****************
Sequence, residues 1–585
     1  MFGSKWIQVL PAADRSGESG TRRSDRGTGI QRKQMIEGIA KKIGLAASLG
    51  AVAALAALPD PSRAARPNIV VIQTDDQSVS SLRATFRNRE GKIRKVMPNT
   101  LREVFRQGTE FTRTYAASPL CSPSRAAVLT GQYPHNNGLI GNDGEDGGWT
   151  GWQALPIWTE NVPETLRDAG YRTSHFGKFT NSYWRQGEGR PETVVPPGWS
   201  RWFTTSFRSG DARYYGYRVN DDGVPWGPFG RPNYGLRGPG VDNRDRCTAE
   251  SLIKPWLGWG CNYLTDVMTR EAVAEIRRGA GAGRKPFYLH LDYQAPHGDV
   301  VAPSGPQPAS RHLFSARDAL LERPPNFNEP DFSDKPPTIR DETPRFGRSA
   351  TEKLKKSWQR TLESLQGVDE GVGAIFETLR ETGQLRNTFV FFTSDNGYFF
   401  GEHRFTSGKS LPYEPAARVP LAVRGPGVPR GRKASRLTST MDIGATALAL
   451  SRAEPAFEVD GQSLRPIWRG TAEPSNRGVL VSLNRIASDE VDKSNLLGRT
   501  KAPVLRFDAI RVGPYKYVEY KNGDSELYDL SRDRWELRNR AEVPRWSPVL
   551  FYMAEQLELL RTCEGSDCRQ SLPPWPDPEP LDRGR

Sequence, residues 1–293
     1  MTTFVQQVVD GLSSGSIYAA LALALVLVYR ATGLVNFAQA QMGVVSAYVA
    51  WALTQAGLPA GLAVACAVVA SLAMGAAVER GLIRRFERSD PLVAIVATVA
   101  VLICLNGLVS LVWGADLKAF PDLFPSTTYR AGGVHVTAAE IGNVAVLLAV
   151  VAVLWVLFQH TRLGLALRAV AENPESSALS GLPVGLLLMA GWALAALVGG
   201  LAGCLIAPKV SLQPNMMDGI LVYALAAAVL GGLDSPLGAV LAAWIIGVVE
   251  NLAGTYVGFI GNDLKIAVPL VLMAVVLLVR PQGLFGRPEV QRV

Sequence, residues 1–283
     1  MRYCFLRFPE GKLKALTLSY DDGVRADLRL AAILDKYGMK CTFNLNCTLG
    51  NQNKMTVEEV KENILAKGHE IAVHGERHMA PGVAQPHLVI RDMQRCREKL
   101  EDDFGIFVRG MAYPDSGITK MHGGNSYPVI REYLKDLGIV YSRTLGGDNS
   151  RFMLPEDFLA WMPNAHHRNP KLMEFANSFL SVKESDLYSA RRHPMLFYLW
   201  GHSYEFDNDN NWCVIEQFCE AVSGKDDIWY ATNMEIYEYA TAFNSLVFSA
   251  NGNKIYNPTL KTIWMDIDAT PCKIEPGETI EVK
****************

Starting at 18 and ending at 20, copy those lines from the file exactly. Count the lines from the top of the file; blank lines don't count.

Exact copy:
   151  VAVLWVLFQH TRLGLALRAV AENPESSALS GLPVGLLLMA GWALAALVGG
   201  LAGCLIAPKV SLQPNMMDGI LVYALAAAVL GGLDSPLGAV LAAWIIGVVE
   251  NLAGTYVGFI GNDLKIAVPL VLMAVVLLVR PQGLFGRPEV QRV